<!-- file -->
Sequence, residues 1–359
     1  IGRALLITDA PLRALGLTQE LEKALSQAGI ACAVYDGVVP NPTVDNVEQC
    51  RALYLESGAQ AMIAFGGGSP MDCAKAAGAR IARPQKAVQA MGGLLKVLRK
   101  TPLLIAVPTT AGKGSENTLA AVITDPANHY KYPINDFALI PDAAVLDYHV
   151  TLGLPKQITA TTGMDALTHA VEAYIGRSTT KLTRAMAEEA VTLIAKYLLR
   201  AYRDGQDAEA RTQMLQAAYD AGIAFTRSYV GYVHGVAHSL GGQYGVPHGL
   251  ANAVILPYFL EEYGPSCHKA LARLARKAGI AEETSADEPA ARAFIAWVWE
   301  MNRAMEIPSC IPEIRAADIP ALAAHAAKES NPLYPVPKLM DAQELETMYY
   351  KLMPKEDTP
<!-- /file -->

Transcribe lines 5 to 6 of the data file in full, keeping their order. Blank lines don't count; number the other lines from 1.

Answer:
   151  TLGLPKQITA TTGMDALTHA VEAYIGRSTT KLTRAMAEEA VTLIAKYLLR
   201  AYRDGQDAEA RTQMLQAAYD AGIAFTRSYV GYVHGVAHSL GGQYGVPHGL